Sunday, April 08, 2001

Drawbridge holds its own in tight market for hotels


Competitors, economic winds challenge profit margins

By Cliff Peale
The Cincinnati Enquirer

        Three decades after the Drawbridge Estate opened in Fort Mitchell, the sprawling complex still leads the way among Northern Kentucky hotels.

        These days, that's not saying much. With a market flooded with limited-service hotels and the economy slowing, hotels in Kenton, Campbell and Boone counties are hurting.

[photo] Drawbridge owner Jerry Deters opened the complex with about 150 rooms in October 1970, and has since expanded it to almost 500 rooms.
(Tony Jones photo)
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        “If we can't make it, nobody can make it,” said Jerry Deters, who opened the complex with about 150 rooms in October 1970, and has since expanded it to almost 500 rooms.

        “It's tougher than it was 15 years ago, but it's tough on everybody.”

        As the largest hotel in Northern Kentucky, the Drawbridge still takes hits to the local economy directly on the chin. For example, hours after Comair pilots went on strike Monday morning, a training session that filled 24 rooms at the Drawbridge suddenly left.

        For customers, the tough hotel environment means more choices and lower rates. But for operators such as Mr. Deters, it makes obtaining the significant profits of the last decade nearly impossible.

        “I wouldn't say we're making a lot of money,” said Jim Willman, vice president of operations at the hotel now. “It's just a difficult market right now.”

        The Drawbridge Estate originally covered a sprawling complex that included entertainment, recreation and the hotel. The Drawbridge Inn still enjoys the reputation and solid base of loyal corporate business that it has pitched for years. But the atmosphere around it has shifted radically.

        Once known as the dominant hotel for airport travelers, and the dominant place for meetings and conventions in Northern Kentucky, the facility now faces challenges on both fronts.

        There are new Marriott hotels at the Cincinnati/Northern Kentucky International Airport and on the Covington riverfront. The Covington hotel is connected to the Northern Kentucky Regional Convention Center, which has now become the meetings center in the Northern Kentucky region.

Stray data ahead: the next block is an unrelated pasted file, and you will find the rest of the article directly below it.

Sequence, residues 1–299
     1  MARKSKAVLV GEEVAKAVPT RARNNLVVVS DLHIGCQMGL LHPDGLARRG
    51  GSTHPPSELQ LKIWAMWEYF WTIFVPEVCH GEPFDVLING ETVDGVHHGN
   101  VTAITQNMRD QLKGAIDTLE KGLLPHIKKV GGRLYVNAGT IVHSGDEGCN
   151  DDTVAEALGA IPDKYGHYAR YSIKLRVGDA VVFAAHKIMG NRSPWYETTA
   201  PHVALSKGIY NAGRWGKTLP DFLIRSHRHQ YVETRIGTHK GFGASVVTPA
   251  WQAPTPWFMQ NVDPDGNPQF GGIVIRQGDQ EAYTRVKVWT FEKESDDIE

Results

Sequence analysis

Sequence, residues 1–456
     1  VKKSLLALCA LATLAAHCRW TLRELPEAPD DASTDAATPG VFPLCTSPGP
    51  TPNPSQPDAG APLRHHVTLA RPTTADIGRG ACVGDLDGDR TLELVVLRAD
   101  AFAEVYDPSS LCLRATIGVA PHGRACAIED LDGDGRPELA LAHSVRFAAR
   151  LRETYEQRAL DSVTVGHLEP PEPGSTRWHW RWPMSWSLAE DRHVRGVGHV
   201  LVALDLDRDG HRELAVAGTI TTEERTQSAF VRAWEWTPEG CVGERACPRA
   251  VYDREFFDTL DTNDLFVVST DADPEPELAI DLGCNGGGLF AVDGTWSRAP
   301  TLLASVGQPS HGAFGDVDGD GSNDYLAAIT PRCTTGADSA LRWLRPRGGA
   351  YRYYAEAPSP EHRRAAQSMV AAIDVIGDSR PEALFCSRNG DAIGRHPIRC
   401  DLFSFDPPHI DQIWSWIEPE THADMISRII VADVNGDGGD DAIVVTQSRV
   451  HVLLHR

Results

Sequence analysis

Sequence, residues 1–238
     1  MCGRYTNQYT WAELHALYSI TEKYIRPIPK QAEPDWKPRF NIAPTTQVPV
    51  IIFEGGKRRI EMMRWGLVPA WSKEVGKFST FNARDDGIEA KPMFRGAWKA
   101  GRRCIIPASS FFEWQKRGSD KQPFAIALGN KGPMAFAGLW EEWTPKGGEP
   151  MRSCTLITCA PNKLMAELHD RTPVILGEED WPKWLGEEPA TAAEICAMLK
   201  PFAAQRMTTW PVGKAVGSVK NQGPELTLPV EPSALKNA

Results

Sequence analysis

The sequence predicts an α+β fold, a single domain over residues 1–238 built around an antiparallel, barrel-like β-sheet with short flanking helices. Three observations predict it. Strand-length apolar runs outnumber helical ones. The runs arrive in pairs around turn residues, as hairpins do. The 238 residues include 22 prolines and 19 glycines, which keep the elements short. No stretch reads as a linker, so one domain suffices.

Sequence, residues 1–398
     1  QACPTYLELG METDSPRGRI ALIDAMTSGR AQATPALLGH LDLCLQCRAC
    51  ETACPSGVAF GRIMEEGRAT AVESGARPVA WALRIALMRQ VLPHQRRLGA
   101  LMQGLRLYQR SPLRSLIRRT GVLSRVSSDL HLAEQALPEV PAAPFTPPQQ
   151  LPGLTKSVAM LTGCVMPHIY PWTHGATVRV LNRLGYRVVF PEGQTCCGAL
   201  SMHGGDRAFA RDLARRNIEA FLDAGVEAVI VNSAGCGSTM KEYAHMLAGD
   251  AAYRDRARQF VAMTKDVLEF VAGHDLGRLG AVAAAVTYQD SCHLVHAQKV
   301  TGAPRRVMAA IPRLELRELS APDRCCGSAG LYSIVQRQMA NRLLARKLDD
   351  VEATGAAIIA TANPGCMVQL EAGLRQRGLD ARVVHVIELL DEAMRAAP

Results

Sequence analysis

Add to this the flood of limited-service hotels, many along the interstates in Florence and Erlanger, and the base of corporate business has eroded.

        Overall, the number of hotel rooms in Northern Kentucky has jumped to more than 7,000 from about 4,200 only four years ago.

        The Drawbridge also operates as an independent, and cannot depend on corporate advertising or reservation campaigns that the Marriott and other chains get from their national parent companies.

        “If you built something today without a (chain) flag on it, I don't know if it would work,” said Tom Caradonio, president of the Northern Kentucky Convention and Visitors Bureau. “The thing they have going for them is they've established this reputation over a long time.”

        While nearly all hotels in Northern Kentucky are suffering, the Drawbridge has managed to keep its occupancy rate at about 48 percent, above the average of about 41 percent throughout the three counties, Mr. Willman said.

        About half of the Drawbridge's total business comes from meetings and conventions, with about one-quarter from corporate business.

        The Drawbridge has tried several measures to keep its business prospering. During the last two years, it has poured $3.5 million into a renovation of most guest rooms and public areas, Mr. Willman said.

        Last year, Mr. Deters sold the former Oldenberg Brewery building to Kentucky Speedway owner Jerry Carroll. That building now houses a Montgomery Inn restaurant.
       



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